Nnamdi Azikiwe University Teaching Hospital, Nigeria
Akujobi Comfort is an Associate professor and Consultant Clinical Microbiologist/ Parasitologist at the College of Health Sciences, Nnamdi Azikiwe University in Anambra State Nigeria. She is currently the Head, Department of Medical Microbiology/Parasitology. She is a Fellow of the National Postgraduate Medical College of Nigeria, has published twenty nine (29) articles in peer reviewed journals with contributions in chapters in books and has presented 13 conference papers. She reviews Journal articles for several peer reviewed journals and is currently working on MDR-TB. She is a member of the following professional bodies National Medical and Dental Council of Nigeria, Association of Pathologists of Nigeria, African Society for Laboratory Medicine (ASLM), European Congress of Clinical Microbiology and Infectious Diseases (ECCMID), International Society for Infectious Disease Physicians, America Society for Microbiology (ASM), Medical Women’s Association of Nigeria (MWAN) and she is currently the State President elect.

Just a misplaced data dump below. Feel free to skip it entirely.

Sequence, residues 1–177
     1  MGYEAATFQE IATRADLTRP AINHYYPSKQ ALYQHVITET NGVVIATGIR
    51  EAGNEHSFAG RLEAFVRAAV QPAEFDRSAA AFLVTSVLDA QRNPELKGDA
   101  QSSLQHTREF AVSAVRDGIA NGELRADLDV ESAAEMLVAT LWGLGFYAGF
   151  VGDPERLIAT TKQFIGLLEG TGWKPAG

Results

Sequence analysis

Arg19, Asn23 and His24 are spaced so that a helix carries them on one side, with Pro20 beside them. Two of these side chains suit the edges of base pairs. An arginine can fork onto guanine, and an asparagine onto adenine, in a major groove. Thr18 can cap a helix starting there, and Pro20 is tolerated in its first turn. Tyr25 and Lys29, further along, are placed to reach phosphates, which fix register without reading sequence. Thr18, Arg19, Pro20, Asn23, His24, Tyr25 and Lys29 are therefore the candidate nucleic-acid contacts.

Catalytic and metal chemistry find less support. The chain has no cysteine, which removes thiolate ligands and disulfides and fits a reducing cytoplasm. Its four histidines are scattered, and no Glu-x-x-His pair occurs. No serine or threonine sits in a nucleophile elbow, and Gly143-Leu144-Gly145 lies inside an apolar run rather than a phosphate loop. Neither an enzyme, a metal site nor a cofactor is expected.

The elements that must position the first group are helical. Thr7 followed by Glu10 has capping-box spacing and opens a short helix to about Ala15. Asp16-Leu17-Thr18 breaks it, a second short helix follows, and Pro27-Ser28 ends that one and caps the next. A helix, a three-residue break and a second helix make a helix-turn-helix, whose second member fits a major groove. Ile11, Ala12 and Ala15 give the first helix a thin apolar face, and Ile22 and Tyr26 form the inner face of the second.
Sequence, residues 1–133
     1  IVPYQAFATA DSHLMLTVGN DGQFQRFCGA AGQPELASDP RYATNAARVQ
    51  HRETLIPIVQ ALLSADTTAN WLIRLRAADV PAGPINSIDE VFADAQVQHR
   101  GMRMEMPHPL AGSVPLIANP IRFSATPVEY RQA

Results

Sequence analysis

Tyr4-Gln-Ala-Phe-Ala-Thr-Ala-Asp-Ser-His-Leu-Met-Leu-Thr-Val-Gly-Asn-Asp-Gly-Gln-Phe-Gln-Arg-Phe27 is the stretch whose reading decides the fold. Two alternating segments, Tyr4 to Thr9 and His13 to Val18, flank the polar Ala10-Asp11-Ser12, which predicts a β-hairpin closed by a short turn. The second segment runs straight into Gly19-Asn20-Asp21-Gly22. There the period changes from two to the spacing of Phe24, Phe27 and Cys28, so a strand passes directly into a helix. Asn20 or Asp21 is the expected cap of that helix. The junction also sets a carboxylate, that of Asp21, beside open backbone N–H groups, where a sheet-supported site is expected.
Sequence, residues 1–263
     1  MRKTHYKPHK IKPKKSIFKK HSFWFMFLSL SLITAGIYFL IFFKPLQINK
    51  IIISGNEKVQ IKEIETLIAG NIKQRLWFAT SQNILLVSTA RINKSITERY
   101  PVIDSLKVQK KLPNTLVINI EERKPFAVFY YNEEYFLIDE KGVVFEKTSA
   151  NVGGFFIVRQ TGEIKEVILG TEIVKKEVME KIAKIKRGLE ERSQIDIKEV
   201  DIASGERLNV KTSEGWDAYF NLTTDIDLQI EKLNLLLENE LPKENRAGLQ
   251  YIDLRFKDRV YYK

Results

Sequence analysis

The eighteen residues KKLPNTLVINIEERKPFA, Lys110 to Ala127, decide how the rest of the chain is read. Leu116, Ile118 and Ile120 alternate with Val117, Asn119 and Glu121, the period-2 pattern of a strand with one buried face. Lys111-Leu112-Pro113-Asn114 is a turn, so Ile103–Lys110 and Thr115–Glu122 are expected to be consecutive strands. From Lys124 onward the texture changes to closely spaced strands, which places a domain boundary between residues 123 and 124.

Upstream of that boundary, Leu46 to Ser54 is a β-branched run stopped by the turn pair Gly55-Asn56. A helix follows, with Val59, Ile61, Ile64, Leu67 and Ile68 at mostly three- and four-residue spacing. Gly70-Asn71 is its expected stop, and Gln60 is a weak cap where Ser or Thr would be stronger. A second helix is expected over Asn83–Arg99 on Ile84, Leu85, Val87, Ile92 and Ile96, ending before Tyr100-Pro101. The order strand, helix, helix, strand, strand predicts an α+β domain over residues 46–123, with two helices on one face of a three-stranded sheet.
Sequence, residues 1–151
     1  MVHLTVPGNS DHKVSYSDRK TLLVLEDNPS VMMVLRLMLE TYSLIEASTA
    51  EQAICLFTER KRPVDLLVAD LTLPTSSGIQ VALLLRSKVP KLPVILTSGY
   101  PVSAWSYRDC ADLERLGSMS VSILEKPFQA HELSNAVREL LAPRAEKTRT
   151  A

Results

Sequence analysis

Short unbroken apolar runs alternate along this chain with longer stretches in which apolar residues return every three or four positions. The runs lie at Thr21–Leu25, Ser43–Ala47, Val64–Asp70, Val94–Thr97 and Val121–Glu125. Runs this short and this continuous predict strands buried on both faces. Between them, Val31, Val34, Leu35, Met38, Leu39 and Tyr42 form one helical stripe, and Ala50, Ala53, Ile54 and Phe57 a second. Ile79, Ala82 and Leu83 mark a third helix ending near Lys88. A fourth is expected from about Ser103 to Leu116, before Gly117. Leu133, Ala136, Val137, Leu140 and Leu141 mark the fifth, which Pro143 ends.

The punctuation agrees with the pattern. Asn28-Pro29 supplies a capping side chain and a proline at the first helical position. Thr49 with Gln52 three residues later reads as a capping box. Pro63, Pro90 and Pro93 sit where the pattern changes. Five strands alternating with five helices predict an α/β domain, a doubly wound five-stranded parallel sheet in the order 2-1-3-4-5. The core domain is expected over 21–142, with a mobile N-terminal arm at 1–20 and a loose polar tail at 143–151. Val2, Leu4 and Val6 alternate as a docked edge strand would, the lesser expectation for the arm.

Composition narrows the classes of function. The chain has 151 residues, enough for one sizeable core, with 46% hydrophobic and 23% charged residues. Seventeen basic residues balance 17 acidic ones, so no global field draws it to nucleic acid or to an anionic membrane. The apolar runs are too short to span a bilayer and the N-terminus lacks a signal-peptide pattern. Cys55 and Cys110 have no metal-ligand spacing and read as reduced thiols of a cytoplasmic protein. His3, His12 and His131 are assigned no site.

Tuberculosis (TB) is the most common opportunistic infection in Human Immuno Deficiency Virus (HIV)- infected patients. Nigeria has HIV prevalence of 3.6% and has the world’s third largest TB burdenMulti Drug resistant Tuberculosis (MDR-TB) is tuberculosis that is resistant to at least the first line anti-TB drugs, Rifampicin and Isoniazid 26% of TB patients in Nigeria have HIV co-infection. HIV sero positive and HIV sero-negative TB patients receiving anti kochs therapy from January 2012 to June, 2014 were used in the study. Sputum specimens of suspected TB patients were processed using the Ziehl Neelsen and fluorescent staining techniques then confirmation was done using the Gene Xpert technology by Cepheid. The positive cases are referred to the DOTs clinic where they were commenced on Anti Kocks treatment with the Intensive phase using Rifampicin, Isoniazid, Pyrazinamide, and Ethambutol for two months. Thereafter the continuation phase follow for 4 months. After the intensive phase of therapy, a repeat sputum microscopy was done to determine if the patient still had open TB. In patients who still had open TB, resistance was suspected and their samples were sent for Gene Xpert. Out of 732 diagnosed TB patients seen, six (06) had MDR-TB which is approximately 0.82%. Then of the 6 MDR-TB cases, five (05) of them were HIV negative and one (01) patient was HIV positive. Two of these 6 patients have died giving a mortality rate of 33.3% which is quite high. Efforts should be made to curtail the development and further spread of MDR-TB.
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